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Mark Pomerantz Is Furious About Trump’s Latest Escape From Justice

The former Manhattan prosecutor watched the former president wriggle out of trouble, and he wants everyone to know.

President Donald Trump waves at a camera.
Sarah Silberger/Getty Images

There is rarely bad news in a district attorney’s office. Prosecutors almost never lose at trial because 90 to 95 percent of criminal cases end in plea deals. They report so little data on their performance—on charging decisions, sentencing patterns, or even misconduct—that experts refer to the average prosecutor’s office as a “black box.” Americans mostly learn about what their local district attorney does on their behalf through press conferences and campaign ads for their reelection.

So it is extraordinary that The New York Times published a resignation letter this week from Mark Pomerantz, a now-former prosecutor in the Manhattan district attorney’s office. Pomerantz resigned in February in protest of what he said was District Attorney Alvin Bragg’s decision not to bring charges against former President Donald Trump, after a years-long investigation into his company’s finances. In the letter, Pomerantz told Bragg that Trump is “guilty of numerous felony violations.”

“His financial statements were false, and he has a long history of fabricating information relating to his personal finances and lying about his assets to banks, the national media, counterparties, and many others, including the American people,” Pomerantz wrote. “The team that has been investigating Mr. Trump harbors no doubt about whether he committed crimes—he did.”

Unless something changes, the letter will be a fitting coda for an investigation that once represented the most perilous legal challenge for the former president. Trump fought it every step of the way, even by raising far-fetched legal theories before the Supreme Court in 2020. The justices rejected him in 2020 by ruling that presidents could not generally invoke their office to ignore a state criminal subpoena. It turns out that Trump did not even need the presidency to defeat this case, however. He simply had to be persistent, careful, and wealthy.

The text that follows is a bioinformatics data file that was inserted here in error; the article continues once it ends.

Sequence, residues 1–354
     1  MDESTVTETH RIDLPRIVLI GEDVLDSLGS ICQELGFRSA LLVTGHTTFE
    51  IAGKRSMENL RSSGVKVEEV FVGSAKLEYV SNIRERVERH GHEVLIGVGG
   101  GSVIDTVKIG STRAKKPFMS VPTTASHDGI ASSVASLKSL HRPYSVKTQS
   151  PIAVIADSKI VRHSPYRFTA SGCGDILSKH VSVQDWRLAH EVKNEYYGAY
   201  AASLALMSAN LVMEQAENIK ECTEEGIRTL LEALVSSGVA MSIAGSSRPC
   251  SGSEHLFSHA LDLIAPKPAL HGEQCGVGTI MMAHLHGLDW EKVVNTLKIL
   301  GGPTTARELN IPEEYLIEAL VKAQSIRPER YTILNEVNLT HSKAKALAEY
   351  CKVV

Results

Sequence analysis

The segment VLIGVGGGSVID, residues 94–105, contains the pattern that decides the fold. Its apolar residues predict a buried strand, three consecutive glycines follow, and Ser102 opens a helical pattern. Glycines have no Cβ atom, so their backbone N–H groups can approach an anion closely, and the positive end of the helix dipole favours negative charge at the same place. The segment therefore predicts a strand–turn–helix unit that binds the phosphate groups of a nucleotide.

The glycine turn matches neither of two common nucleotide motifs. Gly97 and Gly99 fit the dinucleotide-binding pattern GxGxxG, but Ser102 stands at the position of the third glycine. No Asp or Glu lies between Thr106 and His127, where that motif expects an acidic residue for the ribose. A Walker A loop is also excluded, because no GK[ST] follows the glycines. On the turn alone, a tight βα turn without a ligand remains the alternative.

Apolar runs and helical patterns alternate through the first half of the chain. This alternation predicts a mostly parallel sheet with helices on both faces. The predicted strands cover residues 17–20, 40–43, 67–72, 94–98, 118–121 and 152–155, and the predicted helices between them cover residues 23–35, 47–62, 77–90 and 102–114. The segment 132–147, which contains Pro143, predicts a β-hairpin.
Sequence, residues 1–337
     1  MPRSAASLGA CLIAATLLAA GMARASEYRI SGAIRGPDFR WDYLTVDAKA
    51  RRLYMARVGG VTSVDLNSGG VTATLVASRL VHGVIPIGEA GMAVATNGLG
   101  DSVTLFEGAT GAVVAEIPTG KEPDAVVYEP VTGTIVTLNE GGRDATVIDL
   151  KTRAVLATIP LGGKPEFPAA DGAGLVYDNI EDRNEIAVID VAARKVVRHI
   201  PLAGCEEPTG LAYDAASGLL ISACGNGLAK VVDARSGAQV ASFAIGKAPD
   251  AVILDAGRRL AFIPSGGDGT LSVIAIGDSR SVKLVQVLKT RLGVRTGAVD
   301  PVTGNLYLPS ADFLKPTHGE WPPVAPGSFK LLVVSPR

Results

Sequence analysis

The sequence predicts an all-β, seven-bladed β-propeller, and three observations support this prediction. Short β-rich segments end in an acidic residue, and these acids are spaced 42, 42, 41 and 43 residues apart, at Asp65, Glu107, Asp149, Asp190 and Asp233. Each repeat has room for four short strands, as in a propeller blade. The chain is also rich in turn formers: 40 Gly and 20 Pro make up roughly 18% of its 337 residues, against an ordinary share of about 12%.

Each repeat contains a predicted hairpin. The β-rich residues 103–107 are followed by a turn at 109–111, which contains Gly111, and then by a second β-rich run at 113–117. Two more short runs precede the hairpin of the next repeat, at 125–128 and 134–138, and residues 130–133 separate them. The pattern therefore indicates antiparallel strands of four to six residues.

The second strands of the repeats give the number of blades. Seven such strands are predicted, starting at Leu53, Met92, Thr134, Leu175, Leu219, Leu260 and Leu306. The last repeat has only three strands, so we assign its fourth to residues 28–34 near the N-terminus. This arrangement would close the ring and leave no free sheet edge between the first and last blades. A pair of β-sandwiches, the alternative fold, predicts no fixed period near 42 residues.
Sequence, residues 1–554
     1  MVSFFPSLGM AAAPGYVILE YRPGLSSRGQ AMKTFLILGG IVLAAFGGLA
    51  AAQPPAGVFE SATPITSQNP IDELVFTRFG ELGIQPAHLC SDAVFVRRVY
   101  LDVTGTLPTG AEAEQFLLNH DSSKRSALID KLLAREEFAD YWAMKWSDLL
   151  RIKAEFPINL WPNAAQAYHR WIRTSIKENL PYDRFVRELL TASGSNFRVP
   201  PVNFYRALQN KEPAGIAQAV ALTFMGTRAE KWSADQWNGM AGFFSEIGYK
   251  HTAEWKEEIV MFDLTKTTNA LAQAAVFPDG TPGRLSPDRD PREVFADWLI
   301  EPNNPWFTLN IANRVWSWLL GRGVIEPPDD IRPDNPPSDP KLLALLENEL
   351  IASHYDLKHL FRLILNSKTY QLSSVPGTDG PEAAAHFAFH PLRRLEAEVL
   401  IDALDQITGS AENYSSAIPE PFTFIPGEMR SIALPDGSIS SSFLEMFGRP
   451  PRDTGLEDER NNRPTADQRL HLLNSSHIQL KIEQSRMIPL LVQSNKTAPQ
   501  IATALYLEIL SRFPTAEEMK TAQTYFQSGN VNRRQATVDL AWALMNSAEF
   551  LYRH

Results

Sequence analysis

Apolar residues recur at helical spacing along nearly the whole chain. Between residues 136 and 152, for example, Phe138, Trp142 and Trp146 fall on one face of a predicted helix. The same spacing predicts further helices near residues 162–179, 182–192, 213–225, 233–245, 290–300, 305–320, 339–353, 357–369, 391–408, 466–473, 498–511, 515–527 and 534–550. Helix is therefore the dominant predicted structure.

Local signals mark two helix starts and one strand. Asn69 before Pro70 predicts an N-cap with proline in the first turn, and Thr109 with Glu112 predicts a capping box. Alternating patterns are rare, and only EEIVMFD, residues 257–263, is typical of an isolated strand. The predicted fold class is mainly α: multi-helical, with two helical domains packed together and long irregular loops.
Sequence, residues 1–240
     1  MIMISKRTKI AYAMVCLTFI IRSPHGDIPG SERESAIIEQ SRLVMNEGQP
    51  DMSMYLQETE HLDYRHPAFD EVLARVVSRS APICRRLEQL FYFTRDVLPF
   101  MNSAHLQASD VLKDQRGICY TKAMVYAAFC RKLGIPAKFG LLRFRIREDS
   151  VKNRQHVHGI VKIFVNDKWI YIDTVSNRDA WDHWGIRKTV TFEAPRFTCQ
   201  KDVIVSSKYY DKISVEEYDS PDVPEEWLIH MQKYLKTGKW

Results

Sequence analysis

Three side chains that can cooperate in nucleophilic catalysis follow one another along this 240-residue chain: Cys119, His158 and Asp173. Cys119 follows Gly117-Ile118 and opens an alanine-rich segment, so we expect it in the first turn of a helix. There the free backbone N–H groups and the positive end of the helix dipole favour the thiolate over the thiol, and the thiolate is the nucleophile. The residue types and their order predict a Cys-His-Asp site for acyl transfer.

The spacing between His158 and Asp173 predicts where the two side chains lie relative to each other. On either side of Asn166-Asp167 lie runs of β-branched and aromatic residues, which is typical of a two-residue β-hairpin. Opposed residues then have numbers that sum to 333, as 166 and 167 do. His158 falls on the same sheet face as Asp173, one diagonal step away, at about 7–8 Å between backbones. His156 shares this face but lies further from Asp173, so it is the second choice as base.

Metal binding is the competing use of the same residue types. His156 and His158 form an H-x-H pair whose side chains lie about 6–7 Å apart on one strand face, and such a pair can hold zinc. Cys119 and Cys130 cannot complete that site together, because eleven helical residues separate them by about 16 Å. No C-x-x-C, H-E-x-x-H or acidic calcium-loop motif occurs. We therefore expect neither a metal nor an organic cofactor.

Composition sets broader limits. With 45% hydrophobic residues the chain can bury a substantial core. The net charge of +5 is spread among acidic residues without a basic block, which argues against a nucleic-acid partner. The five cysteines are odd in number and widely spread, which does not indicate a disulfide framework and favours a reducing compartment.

The investigation centered on Trump’s financial practices while running his family business. Michael Cohen, Trump’s former legal fixer, told Congress in early 2019 that Trump would give different valuations of his properties to different parties depending on how it would benefit him. Some were mundane: Trump regularly gave inflated numbers to Forbes magazine when it assessed his net worth. Others came with potential legal consequences. To tax agencies, he allegedly gave lower values that reduced his final tax bill. To banks and other financial institutions, Trump allegedly gave higher values that allowed him to secure larger loans than would otherwise be available to him.

State and local investigators have echoed Cohen’s allegations. Last summer, the Manhattan district attorney’s office, led by Cy Vance Jr. at the time, charged the Trump Organization and chief financial officer Allen Weisselberg with multiple counts of tax fraud and financial mismanagement crimes. Prosecutors alleged that Weisselberg helped conceal millions in unreported income for himself and others, alleviating his tax burden and enriching himself. Trump himself was only named in passing in court filings. Weisselberg, who is currently awaiting trial, has asserted that he won’t “flip” on his longtime boss.

In January, New York Attorney General Letitia James told a court that the Trump Organization and its top employees frequently misreported the values of Trump’s properties for financial gain, and that they had gone to considerable lengths to cover it up. James tipped her hand in the ongoing civil probe after Trump and his eldest children tried to quash subpoenas from her office; a judge rejected their bid soon thereafter. While James’s investigation is ongoing, her office does not have the power to bring criminal charges against Trump and his associates.